Food court in Cape Town, South AfricaHealthy options await in this Cape Town food court.Photo: Danie van der MerweAfrica is being invaded by the likes of Walmart, KFC, Smirnoff, and Nestlé, says The Wall Street Journal [$ub. req]. Like a post-larvae butterfly, the glittery wing of a new middle class has caught the eye of international companies — and their pupils are turning into dollar signs. Africa’s middle class is now bigger than India’s (despite widespread poverty), thanks to “high commodity prices … better infrastructure, improved governance and the creation of jobs through private investment,” according to the WSJ. And by 2015, there will be 220 million new consumers in Africa. With the number of KFC outlets doubling and dueling cell phone companies (texts now only cost a penny), it’s only a matter of time before Hot Topic starts hawking angsty T-shirts to a whole new consumer base.

But it obviously varies by country: It’d be stupid to assume the continent is homogenous. “[W]hile poverty rates have fallen in the past decade, half the population still lives on only $1.25 a day,” says the WSJ in a related piece on Ethiopia [$ub. req]. For five years, Ethiopia’s economy grew twice as fast as Africa overall, but Zimbabwe’s economy halved over the past decade due to political turmoil.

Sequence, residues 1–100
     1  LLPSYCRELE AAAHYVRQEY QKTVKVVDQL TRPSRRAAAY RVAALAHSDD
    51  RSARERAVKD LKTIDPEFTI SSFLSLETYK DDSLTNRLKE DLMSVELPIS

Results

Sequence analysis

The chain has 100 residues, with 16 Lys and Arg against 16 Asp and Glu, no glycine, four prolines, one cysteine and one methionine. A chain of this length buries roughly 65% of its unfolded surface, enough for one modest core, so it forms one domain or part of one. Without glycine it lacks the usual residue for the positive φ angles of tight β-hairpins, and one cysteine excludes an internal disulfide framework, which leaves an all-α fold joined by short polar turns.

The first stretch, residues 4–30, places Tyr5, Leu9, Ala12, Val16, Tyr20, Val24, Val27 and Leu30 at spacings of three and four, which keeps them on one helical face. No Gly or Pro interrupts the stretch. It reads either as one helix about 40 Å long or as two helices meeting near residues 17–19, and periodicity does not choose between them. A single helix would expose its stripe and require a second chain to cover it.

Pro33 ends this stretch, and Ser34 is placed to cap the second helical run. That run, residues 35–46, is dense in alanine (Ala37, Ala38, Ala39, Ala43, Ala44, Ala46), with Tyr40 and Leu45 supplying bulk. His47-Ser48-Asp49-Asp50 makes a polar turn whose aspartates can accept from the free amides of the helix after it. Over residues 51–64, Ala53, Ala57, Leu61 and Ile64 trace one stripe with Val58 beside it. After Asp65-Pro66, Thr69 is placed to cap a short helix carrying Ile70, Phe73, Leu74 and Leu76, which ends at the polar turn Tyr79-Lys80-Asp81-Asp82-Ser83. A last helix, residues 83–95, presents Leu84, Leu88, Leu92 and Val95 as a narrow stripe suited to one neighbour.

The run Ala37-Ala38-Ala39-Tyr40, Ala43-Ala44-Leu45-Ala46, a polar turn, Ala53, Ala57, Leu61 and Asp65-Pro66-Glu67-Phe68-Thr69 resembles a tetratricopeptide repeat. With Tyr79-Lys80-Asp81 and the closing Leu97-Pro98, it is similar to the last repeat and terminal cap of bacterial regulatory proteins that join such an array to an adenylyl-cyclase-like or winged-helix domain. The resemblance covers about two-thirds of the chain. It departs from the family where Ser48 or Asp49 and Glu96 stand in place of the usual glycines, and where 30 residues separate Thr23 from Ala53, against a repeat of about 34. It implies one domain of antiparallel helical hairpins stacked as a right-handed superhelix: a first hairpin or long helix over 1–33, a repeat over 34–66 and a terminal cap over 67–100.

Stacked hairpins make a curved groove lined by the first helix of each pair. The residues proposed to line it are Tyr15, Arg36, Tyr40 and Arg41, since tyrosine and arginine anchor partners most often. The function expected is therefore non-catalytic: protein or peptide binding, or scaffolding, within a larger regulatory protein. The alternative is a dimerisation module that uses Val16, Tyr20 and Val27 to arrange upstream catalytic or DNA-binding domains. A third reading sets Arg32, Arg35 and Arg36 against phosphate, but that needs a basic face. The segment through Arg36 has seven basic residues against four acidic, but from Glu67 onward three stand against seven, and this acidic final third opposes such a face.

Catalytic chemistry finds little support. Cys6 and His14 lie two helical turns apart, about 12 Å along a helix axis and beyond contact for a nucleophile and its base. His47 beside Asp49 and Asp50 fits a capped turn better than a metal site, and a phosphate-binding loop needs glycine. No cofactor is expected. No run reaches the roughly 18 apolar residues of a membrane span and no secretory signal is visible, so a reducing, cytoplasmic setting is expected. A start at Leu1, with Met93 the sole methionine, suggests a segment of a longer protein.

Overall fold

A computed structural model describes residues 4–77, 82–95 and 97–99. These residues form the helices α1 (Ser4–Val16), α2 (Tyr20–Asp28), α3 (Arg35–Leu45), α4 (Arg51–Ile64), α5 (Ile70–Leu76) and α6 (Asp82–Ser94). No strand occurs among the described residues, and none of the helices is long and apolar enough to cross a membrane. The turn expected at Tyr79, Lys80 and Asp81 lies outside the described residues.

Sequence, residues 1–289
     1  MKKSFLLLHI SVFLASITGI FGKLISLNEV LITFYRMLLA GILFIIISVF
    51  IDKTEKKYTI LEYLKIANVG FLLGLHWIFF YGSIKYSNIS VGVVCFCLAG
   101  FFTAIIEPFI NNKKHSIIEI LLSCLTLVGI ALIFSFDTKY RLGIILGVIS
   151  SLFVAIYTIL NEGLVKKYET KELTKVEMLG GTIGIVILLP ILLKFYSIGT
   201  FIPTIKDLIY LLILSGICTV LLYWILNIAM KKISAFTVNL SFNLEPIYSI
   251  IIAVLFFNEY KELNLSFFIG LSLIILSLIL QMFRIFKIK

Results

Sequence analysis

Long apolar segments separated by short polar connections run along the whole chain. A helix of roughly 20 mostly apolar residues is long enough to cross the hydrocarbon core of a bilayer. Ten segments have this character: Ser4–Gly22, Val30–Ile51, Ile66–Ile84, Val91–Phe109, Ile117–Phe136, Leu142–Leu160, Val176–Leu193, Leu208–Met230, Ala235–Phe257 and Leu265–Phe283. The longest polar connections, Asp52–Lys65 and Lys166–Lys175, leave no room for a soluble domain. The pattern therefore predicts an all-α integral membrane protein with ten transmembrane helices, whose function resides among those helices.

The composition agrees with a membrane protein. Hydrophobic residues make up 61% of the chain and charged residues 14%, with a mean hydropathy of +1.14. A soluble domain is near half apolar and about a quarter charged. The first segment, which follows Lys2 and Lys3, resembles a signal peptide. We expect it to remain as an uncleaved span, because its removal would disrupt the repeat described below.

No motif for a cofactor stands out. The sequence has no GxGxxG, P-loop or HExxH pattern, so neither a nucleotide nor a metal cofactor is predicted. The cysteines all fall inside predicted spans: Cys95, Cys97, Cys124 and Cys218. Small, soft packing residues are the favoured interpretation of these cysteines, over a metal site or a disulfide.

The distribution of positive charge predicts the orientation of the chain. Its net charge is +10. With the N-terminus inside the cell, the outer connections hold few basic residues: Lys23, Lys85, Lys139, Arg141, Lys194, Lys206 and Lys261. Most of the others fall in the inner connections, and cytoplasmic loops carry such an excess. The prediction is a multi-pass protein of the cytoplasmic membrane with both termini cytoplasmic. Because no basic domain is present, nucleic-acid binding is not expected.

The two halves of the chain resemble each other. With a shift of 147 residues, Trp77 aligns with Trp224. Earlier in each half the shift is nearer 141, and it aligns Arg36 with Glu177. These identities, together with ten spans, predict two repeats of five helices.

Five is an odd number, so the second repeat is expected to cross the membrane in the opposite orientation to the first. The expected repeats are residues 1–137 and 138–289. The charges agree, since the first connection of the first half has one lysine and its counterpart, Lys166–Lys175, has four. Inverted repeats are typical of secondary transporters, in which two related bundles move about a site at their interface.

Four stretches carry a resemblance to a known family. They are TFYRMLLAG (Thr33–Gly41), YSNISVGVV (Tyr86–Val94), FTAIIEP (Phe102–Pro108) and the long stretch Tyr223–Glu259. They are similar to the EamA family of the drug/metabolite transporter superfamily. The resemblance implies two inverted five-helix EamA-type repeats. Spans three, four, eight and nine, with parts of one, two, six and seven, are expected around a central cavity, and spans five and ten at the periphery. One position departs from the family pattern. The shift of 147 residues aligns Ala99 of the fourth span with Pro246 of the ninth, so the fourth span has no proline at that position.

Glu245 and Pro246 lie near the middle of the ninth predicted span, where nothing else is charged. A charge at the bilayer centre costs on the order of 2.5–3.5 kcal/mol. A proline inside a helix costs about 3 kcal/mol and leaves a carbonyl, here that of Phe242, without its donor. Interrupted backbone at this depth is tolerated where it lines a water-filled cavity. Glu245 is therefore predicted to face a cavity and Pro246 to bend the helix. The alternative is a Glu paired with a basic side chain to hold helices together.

Some say it’s mining, not shopping: Energy, not consumerism, is Africa’s best bet, according to Duncan Clarke, chair of an oil and gas investment advisory firm. WSJ says he and others believe “Africa’s most promising opportunities won’t be found in its new shopping malls but beneath its soil and sea beds, where big oil and global miners have long toiled.”

Hopes high for the Chinese consumer too: Similarly, The New York Times waxed optimistic about potential benefits of Chinese shopaholics: “A Chinese consumer society would improve the lives of hundreds of millions of people … For the rest of the world, the Chinese consumer is one of the best hopes for future economic growth.”

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Raising an army of consumers on every continent sounds downright frightening, considering the amount of energy and resources that go into making our crap. On the other hand, ain’t really our place to deny developing countries what we in the first world already have. In any case, check out WSJ‘s related piece on the Kenya cell phone war, also part of its unfolding “Africa Rising” series. And keep watching — a future piece promises to address how dangerous public transit in Nigeria is driving commuter demand for used cars.